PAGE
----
Mother Fuzz

Mother Fuzz

This is Mic Testers Big Muff Plus. It’s a Big Muff with a JFET input and output stage, and a James control in place of the BMP tone control. The JFET input creates a higher input impedance the on the original Big Muff which prevents treble loss.

Schematic

Super Big Muff Schematic

Q1 is a high impedance input before the standard Big Muff input stage of Q2. Best practice for guitar pedals is to have ~1M input impedance. The original Big Muff has an input impedance of ~130k. The JFET used here brings that up to ~1M.

Bass and Treble pots replace the Big Muff tone control. The output stage, Q5, is a JFET. Not sure this adds anything might be better with the original BJT here.

The other parts are similar to Triangle or Rams Head Big Muff, though not the same as either of those. All of the parts between Q1 and Q5 could be replaced with values from your favorite big muff.

Making the PCB

I designed a PCB from the original schematic in Eagle. To fit this into a 1590B enclosure I used all 1/8 watt resistors. You could build this with 1/4 watt resistors if you stood them up.

I sent the design to PCBWay.com to be manufactured and had ten boards made. The boards look great!

Assembling the board

I soldered all of the parts. I like to design the board so that the LED and pots are all mounted to the PCB. This makes wiring the LED easier and more reliable. It also makes a secure place to mount the board in the enclosure. When the pots are mounted to the board there is very little off board wiring which takes a lot of time and is prone to errors.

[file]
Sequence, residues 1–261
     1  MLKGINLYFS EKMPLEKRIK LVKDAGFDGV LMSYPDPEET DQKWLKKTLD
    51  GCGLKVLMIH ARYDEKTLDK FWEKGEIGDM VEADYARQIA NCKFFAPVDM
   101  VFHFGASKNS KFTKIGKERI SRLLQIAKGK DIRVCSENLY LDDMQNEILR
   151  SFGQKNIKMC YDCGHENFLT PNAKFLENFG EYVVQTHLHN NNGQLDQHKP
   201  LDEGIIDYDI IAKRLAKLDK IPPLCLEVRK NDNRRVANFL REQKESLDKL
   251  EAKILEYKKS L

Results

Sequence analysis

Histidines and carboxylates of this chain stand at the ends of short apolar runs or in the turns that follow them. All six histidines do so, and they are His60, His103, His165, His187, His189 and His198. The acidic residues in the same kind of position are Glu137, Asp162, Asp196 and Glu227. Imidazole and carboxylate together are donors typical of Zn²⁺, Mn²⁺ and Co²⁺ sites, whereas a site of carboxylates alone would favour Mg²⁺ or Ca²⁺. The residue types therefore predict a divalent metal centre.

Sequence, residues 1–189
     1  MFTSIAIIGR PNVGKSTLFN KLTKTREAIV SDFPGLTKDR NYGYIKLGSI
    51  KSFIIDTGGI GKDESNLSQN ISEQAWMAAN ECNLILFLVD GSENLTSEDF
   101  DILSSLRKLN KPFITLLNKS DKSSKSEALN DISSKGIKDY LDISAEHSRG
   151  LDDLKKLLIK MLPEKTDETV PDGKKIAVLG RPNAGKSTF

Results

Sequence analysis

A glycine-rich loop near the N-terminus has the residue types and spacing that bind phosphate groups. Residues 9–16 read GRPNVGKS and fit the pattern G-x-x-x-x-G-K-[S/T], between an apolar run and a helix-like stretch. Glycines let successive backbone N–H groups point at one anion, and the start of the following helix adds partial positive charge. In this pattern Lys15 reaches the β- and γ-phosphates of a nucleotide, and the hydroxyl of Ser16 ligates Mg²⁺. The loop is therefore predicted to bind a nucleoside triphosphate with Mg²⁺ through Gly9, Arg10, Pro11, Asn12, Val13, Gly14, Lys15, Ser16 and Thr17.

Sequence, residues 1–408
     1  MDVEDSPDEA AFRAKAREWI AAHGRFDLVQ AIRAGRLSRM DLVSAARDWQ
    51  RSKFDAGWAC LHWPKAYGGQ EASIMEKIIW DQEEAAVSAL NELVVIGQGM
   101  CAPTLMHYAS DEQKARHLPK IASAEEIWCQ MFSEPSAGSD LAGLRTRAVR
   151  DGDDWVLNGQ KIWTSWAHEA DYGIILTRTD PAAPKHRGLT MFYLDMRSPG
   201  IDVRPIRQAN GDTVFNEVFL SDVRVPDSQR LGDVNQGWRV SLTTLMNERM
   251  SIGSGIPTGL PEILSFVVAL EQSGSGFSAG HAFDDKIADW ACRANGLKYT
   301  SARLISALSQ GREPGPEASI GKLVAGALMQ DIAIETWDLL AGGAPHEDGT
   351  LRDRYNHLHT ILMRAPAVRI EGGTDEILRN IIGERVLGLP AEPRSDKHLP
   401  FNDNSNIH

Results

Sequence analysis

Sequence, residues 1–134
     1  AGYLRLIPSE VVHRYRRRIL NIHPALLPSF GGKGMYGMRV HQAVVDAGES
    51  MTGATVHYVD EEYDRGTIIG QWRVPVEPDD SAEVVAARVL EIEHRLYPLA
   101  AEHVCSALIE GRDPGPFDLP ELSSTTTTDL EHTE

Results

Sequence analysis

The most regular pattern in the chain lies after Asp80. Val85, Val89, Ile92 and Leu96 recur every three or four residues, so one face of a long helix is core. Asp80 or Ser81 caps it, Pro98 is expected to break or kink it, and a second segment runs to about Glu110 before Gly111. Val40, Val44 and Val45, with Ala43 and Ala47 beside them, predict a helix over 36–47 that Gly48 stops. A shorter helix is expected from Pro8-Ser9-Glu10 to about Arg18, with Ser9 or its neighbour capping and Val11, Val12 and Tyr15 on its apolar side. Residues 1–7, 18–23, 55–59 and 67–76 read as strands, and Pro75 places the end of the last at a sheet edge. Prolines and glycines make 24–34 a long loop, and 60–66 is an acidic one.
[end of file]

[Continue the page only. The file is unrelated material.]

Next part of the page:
I milled this sand textured powder coated enclosure. Big Muff seems to be the Mother of Fuzz pedals and there is the name!

Milled enclosure

I soldered the ribbon cable and 3PDT PCB to the main board before putting everything into the box.

I put everything in the box and wired the jacks and power. I leave the input and output jack wires loose. These will get wired to the 3PDT PCB later. Soldered the 3PDT PCB to the switch, last solder the input and out tip wires to the switch PCB.

Oops! The input and out jacks are not quite aligned! You can tell I drill everything by hand! I had a drill press but I eyeball the holes on the sides of the box. One day I will make a jig.

Last sign the box, close it up and add some knobs.

These knobs came from Tayda Electronics. I like Tayda, they have a good selection at great prices. The quality of some items is hit and miss. These knobs look a little cheap. The red is a little pale and the black is really a dark gray. Knobs have a big affect on your finished product! LoveMySwitches.com has better quality knobs. They cost a little more but the quality is top notch!

How does it sound? It sounds like a big muff! There are a lot of Big Muffs out there. The variety is almost endless. Everyone makes their own version or clones of various historical versions. To me they all sound the same, with some differences related to how much bass they output.

This sounds like a Big Muff but the tone control lets you dial in or out as much bass or treble as you like. I’d say this pedal covers a pretty wide range of big muff territory.

Would I recommend building this? If you like Big Muff’s, you collect them, and drink their sonic nectar like a fine wine, then you need this one in your cellar! If you need more tone control than the classic Big Muff build, build this. You can dial out the mid scoop, or add as much scoop as you like. If these things speak to you build this pedal!

If you’re not a fan of the Big Muff or have a muff that you like, this one is not going to do a lot for you, and the extra tone controls might just add complications to your life that you don’t need.


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